State-owned enterprises in Grenada have been mandated to adopt new measures to ensure the success of the three-year Home Grown Structural Adjustment Programme (SAP), which is supported by the Washington-based International Monetary Fund (IMF).
The country is now into its second year under the programme and according to Prime Minister Dr. Keith Mitchell, financial commitments of state-owned entities are included in the new measure to calculate the country’s overall national debt.
The Prime Minister met last week with the Chairpersons and Chief Executive Officers of the statutory bodies on the island.
He used the occasion to outline several procedures to be implemented
under the Public Finance Management Bill of 2014, approved by Parliament in 2014.
This Bill provides for the proper financial management and control of the money, property and other resources of the public sector – including the Consolidated Fund and other public funds under the Consolidated Fund.
It is also aimed at strengthening the overall fiscal framework for the economy as well as to provide proper procedures for transparency and accountability.
Under the Bill, which was recommended by the IMF, state bodies would not be able to make certain decisions without government’s approval.
Dr Mitchell, who is also Minister for Finance explained that the 25 operating state bodies in Grenada will now have to comply with performance monitoring indicators as well as seek directions in writing from the Central Government prior to all wage negotiations.
These bodies are now mandated to take immediate steps to reduce non-personnel expenditure consistent with government goals and provide monthly reports on progress.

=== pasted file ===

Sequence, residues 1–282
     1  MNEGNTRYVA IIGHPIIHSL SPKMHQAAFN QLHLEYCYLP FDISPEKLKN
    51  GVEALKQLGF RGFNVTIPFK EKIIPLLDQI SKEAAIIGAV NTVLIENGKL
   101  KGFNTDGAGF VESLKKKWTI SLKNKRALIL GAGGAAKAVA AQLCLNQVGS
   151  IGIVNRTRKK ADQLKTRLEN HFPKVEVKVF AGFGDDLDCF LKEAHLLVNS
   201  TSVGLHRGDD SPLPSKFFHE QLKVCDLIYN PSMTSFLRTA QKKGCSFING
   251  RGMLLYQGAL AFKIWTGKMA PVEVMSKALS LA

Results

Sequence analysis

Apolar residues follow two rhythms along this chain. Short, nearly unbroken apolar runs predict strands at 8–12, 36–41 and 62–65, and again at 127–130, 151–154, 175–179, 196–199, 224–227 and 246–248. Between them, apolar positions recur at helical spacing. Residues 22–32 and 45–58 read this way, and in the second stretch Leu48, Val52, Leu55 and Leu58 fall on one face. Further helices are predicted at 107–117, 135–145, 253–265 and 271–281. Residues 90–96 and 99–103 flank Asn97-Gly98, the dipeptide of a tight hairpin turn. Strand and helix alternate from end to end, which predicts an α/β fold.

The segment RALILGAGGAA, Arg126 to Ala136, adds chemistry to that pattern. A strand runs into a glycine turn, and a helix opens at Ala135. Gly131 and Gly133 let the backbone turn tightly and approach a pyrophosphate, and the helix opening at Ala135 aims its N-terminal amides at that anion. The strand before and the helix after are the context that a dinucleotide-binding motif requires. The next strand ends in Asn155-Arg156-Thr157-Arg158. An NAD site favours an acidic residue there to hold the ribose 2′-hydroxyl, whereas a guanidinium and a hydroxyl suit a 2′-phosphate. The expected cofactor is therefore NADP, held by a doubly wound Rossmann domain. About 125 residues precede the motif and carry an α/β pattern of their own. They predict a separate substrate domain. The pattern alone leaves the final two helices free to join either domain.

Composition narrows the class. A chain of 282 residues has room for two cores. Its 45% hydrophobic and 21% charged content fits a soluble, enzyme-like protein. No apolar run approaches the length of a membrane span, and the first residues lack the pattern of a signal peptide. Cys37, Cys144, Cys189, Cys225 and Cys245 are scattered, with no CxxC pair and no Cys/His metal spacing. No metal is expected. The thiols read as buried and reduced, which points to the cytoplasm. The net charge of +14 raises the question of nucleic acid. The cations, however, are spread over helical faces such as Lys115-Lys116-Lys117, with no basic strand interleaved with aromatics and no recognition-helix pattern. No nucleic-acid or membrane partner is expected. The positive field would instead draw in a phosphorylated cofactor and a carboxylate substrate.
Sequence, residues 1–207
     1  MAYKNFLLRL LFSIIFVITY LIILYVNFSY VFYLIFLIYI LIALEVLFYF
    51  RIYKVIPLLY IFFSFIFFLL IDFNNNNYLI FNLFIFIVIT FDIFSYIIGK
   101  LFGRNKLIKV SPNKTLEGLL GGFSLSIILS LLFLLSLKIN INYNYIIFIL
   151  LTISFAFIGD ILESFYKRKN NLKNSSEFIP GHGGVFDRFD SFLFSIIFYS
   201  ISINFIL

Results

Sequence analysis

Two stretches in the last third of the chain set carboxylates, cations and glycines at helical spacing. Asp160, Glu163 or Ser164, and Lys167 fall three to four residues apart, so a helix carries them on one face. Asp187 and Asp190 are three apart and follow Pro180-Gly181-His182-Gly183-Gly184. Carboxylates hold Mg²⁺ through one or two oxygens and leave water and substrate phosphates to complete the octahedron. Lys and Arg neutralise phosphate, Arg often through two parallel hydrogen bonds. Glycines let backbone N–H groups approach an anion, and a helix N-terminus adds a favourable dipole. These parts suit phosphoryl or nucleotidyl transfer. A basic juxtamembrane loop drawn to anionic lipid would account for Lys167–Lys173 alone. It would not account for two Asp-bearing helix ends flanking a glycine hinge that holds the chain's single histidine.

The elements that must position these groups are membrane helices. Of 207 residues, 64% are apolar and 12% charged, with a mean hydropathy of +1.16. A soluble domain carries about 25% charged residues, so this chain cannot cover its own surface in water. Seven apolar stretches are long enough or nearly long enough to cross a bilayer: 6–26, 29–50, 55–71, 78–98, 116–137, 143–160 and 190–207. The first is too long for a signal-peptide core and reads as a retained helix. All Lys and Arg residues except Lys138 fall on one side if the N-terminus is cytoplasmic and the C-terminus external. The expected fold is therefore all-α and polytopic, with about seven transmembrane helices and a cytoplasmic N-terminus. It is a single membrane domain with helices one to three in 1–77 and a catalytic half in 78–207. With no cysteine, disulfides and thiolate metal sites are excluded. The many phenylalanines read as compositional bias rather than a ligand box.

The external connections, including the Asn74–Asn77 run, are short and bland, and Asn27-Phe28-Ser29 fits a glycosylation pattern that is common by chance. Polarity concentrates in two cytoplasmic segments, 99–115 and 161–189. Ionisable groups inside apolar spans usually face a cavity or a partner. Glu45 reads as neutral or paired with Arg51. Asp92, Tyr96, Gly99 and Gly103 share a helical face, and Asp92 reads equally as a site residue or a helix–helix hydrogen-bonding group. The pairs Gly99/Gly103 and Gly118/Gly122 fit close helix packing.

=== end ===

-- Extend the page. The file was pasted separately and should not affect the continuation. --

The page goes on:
They must also put forward a clear plan to deal with all pension liability and provide financial statements and annual reports.
Prime Minister told the statutory bodies that when they default or run into financial problems, taxpayers are affected and government feels the pressure.
“We are the parent…these debts by statutory bodies and state-owned enterprises are a government liability and if anything goes wrong government must pay,” Dr. Mitchell told the meeting, which was held at the National Stadium, St George’s.
“So as we meet every quarter we will have information on those particular variables,” he added.
The Prime Minister also attempted to debunk what he suggested to be “myths” that statutory bodies are independent; that they are well run; and created for the benefit and enjoyment of management and staff.
Dr Mitchell acknowledged that there has also been some mismanagement among the state-owned bodies.
“All these bodies are not ours as government. It’s the people’s property and we have to report to them,” he said pointing out that statutory bodies work in the interest of taxpayers whom they are answerable to.
Dr Mitchell told the meeting that the issue of unnecessary traveling would also be dealt with as he pointed to abuses by government officials, public servants and others in the use of tax payers’ money to fund overseas travel over the years.
“In many cases the real benefits could not be traced to that of the interest of the tax payers…that’s why I am including all of us, from captain down to cook,” he said..
Dr Mitchell announced that a committee comprising representatives from both the private and public sectors will be appointed to oversee proposals from statutory bodies.
A report submitted to government last year by CARTAC, an affiliate of the IMF suggested that several state-owned bodies should either be privatised or closed and specifically identified for privatisation Gravel & Concrete and the Government Printery.